Women's majlis: Twitter minus the twits

What are the benefits and pitfalls of using social media, especially here in the UAE?

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Each month, Weekend will pose a different question to be debated on by a series of female Emirati columnists. This week, we ask Noura Al Noman:

What are the benefits and pitfalls of using social media, especially here in the UAE?

In 1991, my life was changed by the introduction of a PC and modem. It connected me with a state-of-the-art service called CompuServe, which had forums for "special interest groups" and allowed live chats. It opened a door into another world, influencing my life in so many ways.

I've never been shy about stating my opinions, and finding a platform provided by the internet allowed me to state them all. It also introduced me to the world of "flaming" (when users attack you for your views). However, I soon grew a thick skin.

Today, there's so much more than just forums or chat rooms; we now have something for everything. In 2005, I discovered blogs and the beauty of having your very own private soapbox. At first, I had to use a pseudonym (which is what I had been doing on CompuServe and forums all along). Why? Because the UAE back then was quite different from what it is like right now. We celebrate the freedom of women in the UAE, and that is true to a certain extent (for some more than for others), but there was still something wrong about stating your opinions, about any kind of topic, using your real name. There were, and still are, some topics that are taboo - politics, sex and religion - and being completely truthful about that would not only mean getting attacked personally, but also dragging your family (or even your clan) in front of a not-always mature audience.

I joined Facebook in 2007, but it was never about meeting new people and discussing (read: heatedly debating) all sorts of topics. Facebook was about sharing cute things with my friends and family. However, I still did participate in international and local forums, in both Arabic and English, discussing everything under the sun, and at some points changing the stereotypes that westerners had about Arab women.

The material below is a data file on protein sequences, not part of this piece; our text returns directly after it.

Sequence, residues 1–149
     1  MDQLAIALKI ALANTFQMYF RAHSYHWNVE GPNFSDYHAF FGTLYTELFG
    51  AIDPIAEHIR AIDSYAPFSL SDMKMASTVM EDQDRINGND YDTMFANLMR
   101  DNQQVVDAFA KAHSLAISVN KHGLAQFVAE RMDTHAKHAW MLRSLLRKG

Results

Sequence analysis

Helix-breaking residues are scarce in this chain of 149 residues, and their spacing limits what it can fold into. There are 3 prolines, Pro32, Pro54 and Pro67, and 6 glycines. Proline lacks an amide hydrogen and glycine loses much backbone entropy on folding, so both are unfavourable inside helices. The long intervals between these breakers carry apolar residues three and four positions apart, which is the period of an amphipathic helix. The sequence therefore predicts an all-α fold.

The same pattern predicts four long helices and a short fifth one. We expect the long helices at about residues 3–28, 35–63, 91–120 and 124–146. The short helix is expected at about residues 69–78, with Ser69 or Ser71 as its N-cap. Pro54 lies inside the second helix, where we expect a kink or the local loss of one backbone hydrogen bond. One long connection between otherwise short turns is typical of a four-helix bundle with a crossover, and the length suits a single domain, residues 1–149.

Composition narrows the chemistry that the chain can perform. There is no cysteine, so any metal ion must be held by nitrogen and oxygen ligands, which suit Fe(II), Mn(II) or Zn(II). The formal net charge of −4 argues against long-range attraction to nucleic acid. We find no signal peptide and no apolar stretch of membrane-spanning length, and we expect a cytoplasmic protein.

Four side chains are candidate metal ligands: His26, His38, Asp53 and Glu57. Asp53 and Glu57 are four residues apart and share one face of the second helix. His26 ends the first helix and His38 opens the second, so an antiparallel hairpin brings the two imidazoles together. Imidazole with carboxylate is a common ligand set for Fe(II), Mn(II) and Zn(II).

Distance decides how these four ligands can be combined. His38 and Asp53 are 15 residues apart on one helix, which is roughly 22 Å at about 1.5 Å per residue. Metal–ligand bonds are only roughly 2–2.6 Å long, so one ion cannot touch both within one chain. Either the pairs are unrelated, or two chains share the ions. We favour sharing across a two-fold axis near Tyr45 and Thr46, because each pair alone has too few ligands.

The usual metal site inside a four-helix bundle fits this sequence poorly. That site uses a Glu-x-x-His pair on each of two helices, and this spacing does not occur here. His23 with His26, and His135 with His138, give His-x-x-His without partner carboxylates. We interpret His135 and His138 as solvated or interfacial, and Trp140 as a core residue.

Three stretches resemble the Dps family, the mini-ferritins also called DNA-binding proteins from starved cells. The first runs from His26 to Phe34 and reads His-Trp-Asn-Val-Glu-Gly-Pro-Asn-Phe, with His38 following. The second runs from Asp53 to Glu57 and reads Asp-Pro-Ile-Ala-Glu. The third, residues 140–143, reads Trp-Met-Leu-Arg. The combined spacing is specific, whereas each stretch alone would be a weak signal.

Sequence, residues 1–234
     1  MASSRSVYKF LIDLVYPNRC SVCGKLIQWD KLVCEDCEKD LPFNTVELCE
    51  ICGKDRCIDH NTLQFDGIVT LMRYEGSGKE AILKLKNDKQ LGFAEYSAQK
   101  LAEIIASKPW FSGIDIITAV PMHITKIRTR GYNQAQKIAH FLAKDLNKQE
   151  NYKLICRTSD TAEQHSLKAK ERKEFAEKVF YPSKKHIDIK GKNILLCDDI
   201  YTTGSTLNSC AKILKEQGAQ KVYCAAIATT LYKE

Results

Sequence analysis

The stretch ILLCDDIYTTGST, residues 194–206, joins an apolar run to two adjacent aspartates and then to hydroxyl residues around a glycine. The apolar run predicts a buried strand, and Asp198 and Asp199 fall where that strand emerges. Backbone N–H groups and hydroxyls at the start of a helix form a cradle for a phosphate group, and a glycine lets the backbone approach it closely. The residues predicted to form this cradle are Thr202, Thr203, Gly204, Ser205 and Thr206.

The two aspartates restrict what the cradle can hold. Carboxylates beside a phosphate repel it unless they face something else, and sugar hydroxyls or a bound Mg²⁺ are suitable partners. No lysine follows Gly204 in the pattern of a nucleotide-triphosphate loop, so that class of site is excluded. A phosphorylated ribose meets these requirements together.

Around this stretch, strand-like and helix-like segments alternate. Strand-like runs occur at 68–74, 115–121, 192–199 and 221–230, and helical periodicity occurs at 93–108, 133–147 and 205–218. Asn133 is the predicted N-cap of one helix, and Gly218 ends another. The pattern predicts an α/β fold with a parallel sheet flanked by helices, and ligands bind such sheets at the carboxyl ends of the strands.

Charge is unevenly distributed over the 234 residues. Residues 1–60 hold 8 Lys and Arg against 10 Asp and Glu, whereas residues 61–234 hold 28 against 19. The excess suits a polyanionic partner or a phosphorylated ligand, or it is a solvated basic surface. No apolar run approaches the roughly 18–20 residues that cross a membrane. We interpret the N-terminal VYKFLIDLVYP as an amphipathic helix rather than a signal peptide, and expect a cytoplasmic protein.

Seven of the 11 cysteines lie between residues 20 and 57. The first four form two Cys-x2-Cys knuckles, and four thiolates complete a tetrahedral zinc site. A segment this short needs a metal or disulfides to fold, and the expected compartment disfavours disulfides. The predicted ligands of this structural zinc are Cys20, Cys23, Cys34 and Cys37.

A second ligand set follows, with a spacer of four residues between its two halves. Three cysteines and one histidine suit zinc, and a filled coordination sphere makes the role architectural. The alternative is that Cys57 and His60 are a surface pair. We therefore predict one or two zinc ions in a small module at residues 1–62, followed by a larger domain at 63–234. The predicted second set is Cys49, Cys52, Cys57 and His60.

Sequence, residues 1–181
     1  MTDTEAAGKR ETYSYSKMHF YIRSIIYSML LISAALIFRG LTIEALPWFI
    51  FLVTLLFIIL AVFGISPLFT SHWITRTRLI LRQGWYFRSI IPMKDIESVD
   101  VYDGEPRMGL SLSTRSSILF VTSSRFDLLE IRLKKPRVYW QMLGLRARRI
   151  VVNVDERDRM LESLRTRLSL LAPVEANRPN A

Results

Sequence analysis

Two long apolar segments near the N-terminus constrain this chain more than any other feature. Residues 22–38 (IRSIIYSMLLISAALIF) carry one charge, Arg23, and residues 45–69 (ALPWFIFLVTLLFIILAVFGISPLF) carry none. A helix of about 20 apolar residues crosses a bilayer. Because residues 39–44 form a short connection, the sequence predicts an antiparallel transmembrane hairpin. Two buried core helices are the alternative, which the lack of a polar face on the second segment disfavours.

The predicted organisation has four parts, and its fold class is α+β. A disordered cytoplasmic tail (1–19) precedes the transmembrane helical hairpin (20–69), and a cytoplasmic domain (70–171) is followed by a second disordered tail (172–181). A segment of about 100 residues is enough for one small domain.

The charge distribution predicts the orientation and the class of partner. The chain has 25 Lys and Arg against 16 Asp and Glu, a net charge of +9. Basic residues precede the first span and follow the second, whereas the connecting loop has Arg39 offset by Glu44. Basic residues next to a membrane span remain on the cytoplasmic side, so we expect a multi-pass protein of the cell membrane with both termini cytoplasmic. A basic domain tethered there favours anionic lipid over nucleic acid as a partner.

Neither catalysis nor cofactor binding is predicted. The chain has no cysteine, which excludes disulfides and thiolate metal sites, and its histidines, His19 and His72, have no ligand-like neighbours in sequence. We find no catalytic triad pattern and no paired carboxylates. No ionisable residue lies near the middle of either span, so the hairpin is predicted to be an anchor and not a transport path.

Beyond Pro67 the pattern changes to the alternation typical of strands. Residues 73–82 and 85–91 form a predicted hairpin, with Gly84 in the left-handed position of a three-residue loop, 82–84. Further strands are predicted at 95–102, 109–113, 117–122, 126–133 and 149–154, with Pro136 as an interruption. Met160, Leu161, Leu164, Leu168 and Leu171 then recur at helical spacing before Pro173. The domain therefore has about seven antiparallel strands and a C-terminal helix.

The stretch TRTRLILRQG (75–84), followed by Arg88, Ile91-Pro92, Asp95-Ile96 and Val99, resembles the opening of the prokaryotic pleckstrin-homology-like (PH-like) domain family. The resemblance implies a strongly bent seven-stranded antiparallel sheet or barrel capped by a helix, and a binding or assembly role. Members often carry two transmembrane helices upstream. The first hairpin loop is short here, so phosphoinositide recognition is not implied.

Joining Twitter in 2009 introduced me to what was, for a short time, a professional and more "mature" audience. It's been my greatest platform as an author, talking about my passion for books, writing and publishing. I've used it to follow people with a wide range of interests, to discover articles that I didn't even know that I was interested in. Twitter's immense universe is amazing. I also use it to keep tabs on my six children (ages 15 to 25). Their tweets give me a window into what they think.

Sadly, that small space of freedom was invaded suddenly by users who have had little exposure to opposing views and even less knowledge of the etiquette of dialogue. Easy access to social media, provided by smartphones, has meant that Twitter users who know very little about what you're talking about get to attack you personally for what they perceive as offence against Islam, or their "values". It's a double-edged sword, and I try hard not to let it get to me.

Noura Al Noman writes Arabic literature for children and young adults, including the UAE's first Arabic science fiction novel, Ajwan. Follow her on Twitter: @nouranoman.